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In Photoshop Lightroom 3 Essential Training, author Chris Orwig provides a comprehensive look at Adobe Photoshop Lightroom 3, the popular photo-asset management, enhancement, and publishing program. The course covers indispensable techniques such as importing, processing, and organizing images in the Library, correcting and adjusting images in the Develop module, and creating slideshows, web galleries, and print picture packages. In addition to exploring all of Lightroom 3's capabilities, this course is rich with creative tips and expert advice on photographic workflow. Exercise files accompany the course.
Well, now that we have been introduced to the Tone Curve inside of the Develop module, let's take a look at how we can use the Tone Curve controls in order to improve a photograph. In this case, we'll be working on this portrait of my daughter Sophia, holding this basket of strawberries when we were strawberry picking in upstate New York. Well, what I want to do here is I want to increase the contrast, the color saturation, also work out the overall color and tone. Well, one of the things that we might want to do is start targeting specific areas. For example, we could grab our Target Adjustment tool and then here we could hover over the bright area in the background.
We could bring that down a little bit. Here you can see I'm just darkening up some of those highlights. Well, then I could go to the midtone range and I could hover over some of those areas and I could click and drag up, just bringing up those points here in this image. Well then, I want to go to my dark shadows down below, and try to find a way to bring those shadows back down to have that nice contrast. Well here we have the beginning of a curves adjustment. It's not great, but it's getting there. Take a look. Here we have before, and then now after. Well, a great thing about this is that currently our Point Curve is just linear, so we're kind of swinging that linear line one way or another.
We can make this even more dramatic by going into our Point Curve view here and here let's say we're going to apply kind of a traditional S-curve. We'll click and drag up in our highlights and then we'll also click and drag down in our shadows down in the lower area. Now, this is a kind of generic little S-curve here, but it just gives me the ability to control contrast in an interesting way. Now, with those highlights, I can control those with this top point up here. I could drag that down, just bringing in a little bit more detail into that range, or I could also add more light to that area as well, by dragging it one way or another.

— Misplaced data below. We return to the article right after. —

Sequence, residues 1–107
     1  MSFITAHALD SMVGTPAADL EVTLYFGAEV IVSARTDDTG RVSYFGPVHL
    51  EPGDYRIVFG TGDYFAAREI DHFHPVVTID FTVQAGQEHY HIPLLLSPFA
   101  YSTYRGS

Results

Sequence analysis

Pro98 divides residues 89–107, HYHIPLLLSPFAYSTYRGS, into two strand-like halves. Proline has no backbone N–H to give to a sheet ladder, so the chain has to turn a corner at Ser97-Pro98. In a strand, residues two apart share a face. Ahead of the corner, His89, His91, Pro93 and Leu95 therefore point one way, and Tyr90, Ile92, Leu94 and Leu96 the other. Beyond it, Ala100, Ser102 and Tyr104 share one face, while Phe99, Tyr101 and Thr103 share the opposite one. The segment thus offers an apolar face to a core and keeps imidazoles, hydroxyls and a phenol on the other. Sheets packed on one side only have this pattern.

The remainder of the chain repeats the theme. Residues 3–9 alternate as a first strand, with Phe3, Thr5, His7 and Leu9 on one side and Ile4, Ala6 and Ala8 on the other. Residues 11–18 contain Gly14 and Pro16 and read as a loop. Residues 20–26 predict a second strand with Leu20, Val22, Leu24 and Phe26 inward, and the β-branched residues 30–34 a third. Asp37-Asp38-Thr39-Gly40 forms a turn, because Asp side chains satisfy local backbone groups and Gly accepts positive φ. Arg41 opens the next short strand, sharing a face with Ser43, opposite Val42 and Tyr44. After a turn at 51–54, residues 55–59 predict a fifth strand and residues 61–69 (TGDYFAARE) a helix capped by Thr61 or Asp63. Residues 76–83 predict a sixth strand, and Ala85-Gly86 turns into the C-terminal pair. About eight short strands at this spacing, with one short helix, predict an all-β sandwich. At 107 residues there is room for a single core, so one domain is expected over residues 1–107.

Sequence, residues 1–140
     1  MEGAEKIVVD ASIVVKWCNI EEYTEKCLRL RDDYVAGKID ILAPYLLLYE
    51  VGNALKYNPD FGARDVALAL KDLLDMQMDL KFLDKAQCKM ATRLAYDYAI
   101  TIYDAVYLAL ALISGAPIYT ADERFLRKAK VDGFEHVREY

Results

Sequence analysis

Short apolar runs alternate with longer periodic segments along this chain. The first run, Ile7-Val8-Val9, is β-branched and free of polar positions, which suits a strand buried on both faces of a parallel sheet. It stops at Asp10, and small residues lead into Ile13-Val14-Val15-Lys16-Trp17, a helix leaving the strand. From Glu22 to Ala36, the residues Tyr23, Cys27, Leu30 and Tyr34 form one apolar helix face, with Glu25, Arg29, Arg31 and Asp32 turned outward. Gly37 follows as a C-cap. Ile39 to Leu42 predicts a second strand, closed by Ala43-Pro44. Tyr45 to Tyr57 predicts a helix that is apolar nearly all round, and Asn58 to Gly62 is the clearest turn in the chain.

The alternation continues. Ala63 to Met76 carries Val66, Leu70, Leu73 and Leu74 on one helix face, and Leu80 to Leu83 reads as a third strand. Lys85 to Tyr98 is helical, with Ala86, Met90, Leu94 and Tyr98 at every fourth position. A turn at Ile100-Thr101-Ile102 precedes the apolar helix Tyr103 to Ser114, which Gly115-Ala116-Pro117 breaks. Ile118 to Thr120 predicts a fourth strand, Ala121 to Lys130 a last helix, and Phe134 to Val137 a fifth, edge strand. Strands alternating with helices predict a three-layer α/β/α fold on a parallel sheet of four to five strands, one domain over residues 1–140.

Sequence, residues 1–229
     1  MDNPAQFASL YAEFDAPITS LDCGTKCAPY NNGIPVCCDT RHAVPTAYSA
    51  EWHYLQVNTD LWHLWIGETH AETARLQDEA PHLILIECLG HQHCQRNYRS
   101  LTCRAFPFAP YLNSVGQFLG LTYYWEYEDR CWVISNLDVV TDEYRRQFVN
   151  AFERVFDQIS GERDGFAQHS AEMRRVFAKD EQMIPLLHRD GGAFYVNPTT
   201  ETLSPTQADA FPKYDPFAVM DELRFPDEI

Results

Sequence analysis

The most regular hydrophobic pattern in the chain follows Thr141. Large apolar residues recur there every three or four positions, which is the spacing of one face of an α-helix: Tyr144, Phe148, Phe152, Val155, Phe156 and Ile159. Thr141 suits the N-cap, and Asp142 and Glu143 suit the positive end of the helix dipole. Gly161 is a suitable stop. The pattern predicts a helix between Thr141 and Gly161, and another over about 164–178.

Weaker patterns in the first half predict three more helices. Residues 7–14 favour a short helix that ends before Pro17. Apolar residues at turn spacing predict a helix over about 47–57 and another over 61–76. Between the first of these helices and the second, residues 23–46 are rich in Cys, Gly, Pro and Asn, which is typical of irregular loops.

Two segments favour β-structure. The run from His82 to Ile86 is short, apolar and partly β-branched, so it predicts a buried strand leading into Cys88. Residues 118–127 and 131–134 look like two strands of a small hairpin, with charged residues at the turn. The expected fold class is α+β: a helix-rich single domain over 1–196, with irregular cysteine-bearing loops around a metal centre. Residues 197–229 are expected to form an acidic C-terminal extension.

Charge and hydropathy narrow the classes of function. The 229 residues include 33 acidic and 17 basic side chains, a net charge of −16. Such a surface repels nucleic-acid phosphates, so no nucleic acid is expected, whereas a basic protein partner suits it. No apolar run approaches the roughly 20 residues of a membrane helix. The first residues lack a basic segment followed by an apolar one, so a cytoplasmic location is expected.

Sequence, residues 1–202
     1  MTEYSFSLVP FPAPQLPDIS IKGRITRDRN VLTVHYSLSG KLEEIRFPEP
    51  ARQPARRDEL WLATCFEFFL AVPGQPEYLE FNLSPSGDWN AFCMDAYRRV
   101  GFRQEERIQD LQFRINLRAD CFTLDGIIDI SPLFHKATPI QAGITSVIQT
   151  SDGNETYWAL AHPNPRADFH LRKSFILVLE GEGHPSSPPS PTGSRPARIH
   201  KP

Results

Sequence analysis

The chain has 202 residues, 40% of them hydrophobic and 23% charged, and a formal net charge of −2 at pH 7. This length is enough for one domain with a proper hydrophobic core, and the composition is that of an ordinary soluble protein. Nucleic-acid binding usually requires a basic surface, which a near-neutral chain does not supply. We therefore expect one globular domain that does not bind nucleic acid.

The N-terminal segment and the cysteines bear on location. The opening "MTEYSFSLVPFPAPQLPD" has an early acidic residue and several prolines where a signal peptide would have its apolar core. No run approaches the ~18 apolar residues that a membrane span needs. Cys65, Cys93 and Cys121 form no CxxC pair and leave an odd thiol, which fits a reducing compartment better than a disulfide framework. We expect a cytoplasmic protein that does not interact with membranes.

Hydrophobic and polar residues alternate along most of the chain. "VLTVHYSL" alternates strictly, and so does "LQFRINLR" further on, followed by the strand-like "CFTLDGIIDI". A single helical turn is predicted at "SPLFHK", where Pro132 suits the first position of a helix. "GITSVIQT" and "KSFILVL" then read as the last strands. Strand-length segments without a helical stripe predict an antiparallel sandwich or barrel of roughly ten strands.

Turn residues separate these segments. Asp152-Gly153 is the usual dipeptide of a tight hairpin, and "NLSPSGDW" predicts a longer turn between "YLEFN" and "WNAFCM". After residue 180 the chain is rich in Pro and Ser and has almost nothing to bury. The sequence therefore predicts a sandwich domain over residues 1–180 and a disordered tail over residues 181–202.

All right, well here I'm going to simply just drag it down just a touch there, and I'll go ahead and move that a bit up, just a little bit more there. All right, well next I'm going to work on my overall brightness at this point, and then also the darkness over here with this point, just increasing or boosting that contrast and then with my dark blacks down here, I'm just going to bring those up just a little bit there so I have little bit more nice detail. Now, once of the things that you might want to do when you're working with your images is you might want to turn on your clipping indicators.
You can do so by pressing the J key. If you remember, when you have your Histogram open, pressing the J key will turn on these two icons here. Now, what that will do is it will show you if you have any clipping in those blacks. For example, when you're working with the point curve, you can make some adjustments, like I'm making here, where you can deepen the blacks, but you can go too far. In other words, you don't have detail there. So, again, pressing that J key could help you out and it can help you find just the right spot for how dark you want to go with those or also how you want to modify your highlights.
Well, here we just have some clipping in the deep shadows, so I think we're fine. So, I'll press the J key again to turn that off and then we'll look at our before and after. Here it is before and then after. Now, I've pushed this image pretty far, increasing the contrast quite a bit. If ever that's too strong, we can either modify it by using these points here, or we can go back to parametric Tone Curve. We can make changes here as well. Just working on the overall contrast or color and tone is worth modifying those different sliders. All right, well, once you've made your adjustments inside of the Tone Curve, you're almost always going to want to go back to the Basic panel, because in Lightroom these adjustments don't live by themselves. Rather we use them in unison with our other controls.
Now, here with this photograph one of the things that I want to do is increase the color temperature. I want to make this image a little bit more warm, so I'm just going to go ahead and increase that. I'm going to try to increase this in a subtle way, but I do want some nice golden color here. I'll reduce the highlights there by increasing the Recovery slider, bringing a touch of Fill Light and then also boost the Contrast here as well. Now, we want to be careful with this. So, let's press the J key, make sure we're only clipping. And we don't and the image is looking a lot better. Well, let's evaluate our overall before and after.
We can do that by pressing the Backslash key. Here it is. Here's the before, and then now the after. So again, we're just opening the image up a bit, adding more contrast and color saturation. Another nice way to see this is by pressing the Y key. That gives you this different view of our before and after. We are able to accomplish this new look by taking advantage of the Tone Curve controls and also by combining what we did there with some adjustments inside of the Basic panel.
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